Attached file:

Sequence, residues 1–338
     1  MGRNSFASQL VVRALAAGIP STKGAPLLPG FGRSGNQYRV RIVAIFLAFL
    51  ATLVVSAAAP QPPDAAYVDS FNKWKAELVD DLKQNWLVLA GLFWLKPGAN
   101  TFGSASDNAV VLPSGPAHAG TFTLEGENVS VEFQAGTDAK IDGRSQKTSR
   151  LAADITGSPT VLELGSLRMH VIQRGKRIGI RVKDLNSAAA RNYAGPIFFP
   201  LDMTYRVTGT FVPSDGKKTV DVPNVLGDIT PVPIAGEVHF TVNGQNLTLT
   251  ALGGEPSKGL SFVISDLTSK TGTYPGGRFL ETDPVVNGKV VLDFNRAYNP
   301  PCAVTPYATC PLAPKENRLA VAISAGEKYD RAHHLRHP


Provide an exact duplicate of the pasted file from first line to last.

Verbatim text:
Sequence, residues 1–338
     1  MGRNSFASQL VVRALAAGIP STKGAPLLPG FGRSGNQYRV RIVAIFLAFL
    51  ATLVVSAAAP QPPDAAYVDS FNKWKAELVD DLKQNWLVLA GLFWLKPGAN
   101  TFGSASDNAV VLPSGPAHAG TFTLEGENVS VEFQAGTDAK IDGRSQKTSR
   151  LAADITGSPT VLELGSLRMH VIQRGKRIGI RVKDLNSAAA RNYAGPIFFP
   201  LDMTYRVTGT FVPSDGKKTV DVPNVLGDIT PVPIAGEVHF TVNGQNLTLT
   251  ALGGEPSKGL SFVISDLTSK TGTYPGGRFL ETDPVVNGKV VLDFNRAYNP
   301  PCAVTPYATC PLAPKENRLA VAISAGEKYD RAHHLRHP